One of the oldest on the line, Hamilton's train station dates from 1870. It was not in the original plan. When the Alexandria, Loudoun & Hampshire Railway (later the Washington & Old Dominion) was established in the 1840s, its owners intended to head the tracks westward along present Route 9 (Charles Town Pike), across the Blue Ridge at Keyes Gap, and on to the Ohio Valley coal country.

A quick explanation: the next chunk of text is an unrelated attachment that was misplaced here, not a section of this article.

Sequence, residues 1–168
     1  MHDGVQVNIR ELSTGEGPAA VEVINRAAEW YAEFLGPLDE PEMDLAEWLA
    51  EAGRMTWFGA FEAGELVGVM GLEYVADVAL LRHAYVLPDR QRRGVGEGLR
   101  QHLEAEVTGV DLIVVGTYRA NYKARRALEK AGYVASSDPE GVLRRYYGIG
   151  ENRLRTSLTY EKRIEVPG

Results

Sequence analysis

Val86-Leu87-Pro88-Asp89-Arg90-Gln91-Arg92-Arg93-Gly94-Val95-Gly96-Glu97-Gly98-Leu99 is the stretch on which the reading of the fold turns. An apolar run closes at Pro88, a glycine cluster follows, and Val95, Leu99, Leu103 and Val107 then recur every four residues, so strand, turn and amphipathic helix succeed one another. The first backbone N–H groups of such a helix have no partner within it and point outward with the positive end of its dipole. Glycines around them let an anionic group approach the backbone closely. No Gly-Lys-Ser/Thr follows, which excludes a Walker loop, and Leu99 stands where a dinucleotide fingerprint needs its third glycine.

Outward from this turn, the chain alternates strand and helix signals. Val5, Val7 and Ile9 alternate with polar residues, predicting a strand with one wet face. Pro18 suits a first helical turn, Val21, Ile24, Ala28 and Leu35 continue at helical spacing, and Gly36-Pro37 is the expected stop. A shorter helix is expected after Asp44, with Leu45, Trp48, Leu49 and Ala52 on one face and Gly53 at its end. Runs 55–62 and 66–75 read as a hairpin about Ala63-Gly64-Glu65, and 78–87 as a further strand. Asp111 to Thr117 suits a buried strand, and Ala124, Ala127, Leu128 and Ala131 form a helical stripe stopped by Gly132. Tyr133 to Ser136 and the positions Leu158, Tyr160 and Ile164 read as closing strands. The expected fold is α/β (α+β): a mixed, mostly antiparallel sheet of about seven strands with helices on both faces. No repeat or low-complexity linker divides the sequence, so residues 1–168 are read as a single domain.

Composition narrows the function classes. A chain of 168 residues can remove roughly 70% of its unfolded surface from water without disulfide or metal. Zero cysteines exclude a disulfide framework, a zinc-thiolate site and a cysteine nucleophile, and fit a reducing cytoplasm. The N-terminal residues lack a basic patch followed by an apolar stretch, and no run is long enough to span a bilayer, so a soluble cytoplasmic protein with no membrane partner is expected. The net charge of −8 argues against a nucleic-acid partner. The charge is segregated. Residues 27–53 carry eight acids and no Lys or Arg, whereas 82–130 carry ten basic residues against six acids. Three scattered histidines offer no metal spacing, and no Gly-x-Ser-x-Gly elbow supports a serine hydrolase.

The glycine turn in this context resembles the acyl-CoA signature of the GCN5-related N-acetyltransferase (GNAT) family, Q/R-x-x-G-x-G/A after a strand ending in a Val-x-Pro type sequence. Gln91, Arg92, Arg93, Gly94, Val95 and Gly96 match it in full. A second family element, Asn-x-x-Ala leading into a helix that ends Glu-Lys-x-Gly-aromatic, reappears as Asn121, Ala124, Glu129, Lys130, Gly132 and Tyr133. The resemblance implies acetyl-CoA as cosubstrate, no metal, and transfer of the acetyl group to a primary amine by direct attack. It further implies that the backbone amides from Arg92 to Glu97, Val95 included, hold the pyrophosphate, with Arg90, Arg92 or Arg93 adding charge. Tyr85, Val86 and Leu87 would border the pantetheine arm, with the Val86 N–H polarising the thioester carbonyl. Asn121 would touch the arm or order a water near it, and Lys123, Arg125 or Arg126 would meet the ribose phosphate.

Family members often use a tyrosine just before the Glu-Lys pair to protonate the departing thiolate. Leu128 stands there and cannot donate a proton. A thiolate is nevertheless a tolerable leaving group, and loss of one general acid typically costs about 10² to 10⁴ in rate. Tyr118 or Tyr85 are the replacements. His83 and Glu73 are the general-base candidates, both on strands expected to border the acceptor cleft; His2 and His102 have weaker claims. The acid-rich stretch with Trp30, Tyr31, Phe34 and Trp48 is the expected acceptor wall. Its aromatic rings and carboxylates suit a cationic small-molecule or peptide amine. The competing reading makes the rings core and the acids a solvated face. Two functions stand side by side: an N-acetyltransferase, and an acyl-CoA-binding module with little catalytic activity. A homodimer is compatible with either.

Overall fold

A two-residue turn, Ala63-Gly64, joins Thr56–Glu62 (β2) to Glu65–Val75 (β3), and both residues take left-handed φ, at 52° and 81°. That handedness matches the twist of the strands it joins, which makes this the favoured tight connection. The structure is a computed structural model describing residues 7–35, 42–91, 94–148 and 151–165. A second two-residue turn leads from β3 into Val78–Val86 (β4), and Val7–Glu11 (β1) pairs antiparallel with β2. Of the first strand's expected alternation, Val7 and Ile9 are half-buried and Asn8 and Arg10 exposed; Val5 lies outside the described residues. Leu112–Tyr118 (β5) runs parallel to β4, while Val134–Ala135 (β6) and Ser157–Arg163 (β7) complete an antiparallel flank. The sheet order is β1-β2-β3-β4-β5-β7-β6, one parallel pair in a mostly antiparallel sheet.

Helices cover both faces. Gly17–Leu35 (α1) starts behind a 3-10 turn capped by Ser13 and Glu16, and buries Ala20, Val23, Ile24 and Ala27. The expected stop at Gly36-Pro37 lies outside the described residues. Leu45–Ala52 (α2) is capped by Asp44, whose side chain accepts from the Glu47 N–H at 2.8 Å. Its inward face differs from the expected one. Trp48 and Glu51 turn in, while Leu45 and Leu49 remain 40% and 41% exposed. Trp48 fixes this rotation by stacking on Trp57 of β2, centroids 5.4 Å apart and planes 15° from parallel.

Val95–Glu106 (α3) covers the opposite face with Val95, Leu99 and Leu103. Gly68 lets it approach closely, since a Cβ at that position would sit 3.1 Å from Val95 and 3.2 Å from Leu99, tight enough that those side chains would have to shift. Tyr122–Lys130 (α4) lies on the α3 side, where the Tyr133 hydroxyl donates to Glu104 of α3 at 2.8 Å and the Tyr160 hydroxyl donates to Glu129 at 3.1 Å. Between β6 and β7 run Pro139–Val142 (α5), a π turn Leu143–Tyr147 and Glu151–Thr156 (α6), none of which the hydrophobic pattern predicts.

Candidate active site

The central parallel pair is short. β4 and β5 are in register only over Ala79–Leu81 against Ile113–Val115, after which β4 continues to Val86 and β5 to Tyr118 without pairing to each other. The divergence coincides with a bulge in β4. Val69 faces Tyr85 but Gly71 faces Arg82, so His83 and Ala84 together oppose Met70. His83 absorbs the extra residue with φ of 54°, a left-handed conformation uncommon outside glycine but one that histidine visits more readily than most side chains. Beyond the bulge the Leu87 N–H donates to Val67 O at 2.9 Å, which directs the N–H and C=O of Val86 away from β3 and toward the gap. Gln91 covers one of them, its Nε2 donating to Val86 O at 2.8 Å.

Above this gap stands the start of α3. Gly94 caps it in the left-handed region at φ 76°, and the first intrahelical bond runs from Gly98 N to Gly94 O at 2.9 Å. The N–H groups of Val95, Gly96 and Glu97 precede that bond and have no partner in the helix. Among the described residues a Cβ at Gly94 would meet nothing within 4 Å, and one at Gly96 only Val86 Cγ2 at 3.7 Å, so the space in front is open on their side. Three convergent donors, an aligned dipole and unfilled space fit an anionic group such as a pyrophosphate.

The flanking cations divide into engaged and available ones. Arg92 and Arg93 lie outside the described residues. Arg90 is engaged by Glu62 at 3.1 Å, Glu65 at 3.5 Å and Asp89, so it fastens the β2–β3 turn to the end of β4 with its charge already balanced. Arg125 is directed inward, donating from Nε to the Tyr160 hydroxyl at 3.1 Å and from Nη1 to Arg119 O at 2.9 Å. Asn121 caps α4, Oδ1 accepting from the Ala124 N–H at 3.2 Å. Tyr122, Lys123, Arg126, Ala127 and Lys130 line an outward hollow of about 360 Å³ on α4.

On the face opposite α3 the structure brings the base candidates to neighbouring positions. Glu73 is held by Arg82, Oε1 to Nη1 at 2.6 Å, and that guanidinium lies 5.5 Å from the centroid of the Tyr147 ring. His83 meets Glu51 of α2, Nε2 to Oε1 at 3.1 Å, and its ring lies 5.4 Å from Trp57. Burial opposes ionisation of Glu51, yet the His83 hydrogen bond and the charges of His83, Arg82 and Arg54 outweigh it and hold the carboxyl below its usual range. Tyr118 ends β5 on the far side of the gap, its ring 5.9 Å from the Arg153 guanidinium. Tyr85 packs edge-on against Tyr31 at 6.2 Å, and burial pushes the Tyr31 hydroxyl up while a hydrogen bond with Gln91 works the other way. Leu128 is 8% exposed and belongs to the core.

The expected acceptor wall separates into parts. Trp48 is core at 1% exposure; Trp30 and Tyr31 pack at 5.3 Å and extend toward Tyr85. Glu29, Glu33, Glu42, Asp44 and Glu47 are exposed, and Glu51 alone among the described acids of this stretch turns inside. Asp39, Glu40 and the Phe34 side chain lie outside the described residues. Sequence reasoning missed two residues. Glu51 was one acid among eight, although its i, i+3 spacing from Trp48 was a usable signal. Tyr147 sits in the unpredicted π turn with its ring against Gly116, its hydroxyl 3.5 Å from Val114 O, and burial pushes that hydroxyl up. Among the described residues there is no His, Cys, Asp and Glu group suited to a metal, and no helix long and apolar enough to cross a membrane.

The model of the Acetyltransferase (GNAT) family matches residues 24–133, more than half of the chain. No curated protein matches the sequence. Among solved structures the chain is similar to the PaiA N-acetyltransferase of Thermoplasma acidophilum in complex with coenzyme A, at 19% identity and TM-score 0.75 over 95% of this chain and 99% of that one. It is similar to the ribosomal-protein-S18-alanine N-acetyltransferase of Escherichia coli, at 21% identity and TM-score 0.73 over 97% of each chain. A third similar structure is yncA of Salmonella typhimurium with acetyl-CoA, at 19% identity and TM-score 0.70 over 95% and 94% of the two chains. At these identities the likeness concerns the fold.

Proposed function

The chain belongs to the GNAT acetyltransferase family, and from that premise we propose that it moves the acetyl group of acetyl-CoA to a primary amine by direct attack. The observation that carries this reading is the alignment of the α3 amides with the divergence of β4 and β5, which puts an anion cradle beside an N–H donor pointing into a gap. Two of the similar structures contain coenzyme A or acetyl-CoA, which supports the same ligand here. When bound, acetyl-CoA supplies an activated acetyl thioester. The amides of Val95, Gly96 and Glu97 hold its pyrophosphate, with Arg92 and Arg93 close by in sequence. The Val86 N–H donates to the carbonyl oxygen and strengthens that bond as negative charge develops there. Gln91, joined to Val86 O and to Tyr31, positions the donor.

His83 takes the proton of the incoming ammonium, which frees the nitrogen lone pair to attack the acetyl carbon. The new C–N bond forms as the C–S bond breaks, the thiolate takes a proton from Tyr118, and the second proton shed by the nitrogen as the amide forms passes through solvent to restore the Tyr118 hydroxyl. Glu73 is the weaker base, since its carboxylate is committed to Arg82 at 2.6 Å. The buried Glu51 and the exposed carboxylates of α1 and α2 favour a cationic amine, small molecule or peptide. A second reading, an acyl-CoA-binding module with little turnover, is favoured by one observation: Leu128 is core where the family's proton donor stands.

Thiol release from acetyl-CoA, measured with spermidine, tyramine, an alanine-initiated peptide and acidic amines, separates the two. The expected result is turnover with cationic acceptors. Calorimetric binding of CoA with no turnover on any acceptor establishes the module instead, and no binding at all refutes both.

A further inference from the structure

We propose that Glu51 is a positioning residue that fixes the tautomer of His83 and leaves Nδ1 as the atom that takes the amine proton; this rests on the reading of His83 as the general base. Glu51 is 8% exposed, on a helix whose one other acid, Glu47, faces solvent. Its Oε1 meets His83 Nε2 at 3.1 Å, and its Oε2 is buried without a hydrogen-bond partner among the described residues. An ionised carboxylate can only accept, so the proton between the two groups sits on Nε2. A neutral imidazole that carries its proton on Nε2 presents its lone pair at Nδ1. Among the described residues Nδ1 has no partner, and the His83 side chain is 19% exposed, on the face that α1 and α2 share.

The railroad reached Leesburg by 1860. Construction and operations ceased during the Civil War. By the time the railroad was up and running again, ownership had changed and so had the destination. The new route through western Loudoun County was slightly to the south of the original one, heading toward Snicker's Gap and sparking the growth of towns including Hamilton, Purcellville, Round Hill, and Bluemont. Unlike the other towns, however, Hamilton grew up along the automobile turnpike (Route 7) rather than along the railroad.